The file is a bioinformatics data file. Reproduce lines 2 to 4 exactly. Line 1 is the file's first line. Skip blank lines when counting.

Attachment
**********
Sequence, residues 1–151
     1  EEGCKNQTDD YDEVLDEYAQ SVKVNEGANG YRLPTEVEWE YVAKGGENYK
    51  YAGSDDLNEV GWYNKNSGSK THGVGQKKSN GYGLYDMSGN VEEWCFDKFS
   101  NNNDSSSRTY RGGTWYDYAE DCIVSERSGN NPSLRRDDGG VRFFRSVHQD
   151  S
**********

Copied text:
     1  EEGCKNQTDD YDEVLDEYAQ SVKVNEGANG YRLPTEVEWE YVAKGGENYK
    51  YAGSDDLNEV GWYNKNSGSK THGVGQKKSN GYGLYDMSGN VEEWCFDKFS
   101  NNNDSSSRTY RGGTWYDYAE DCIVSERSGN NPSLRRDDGG VRFFRSVHQD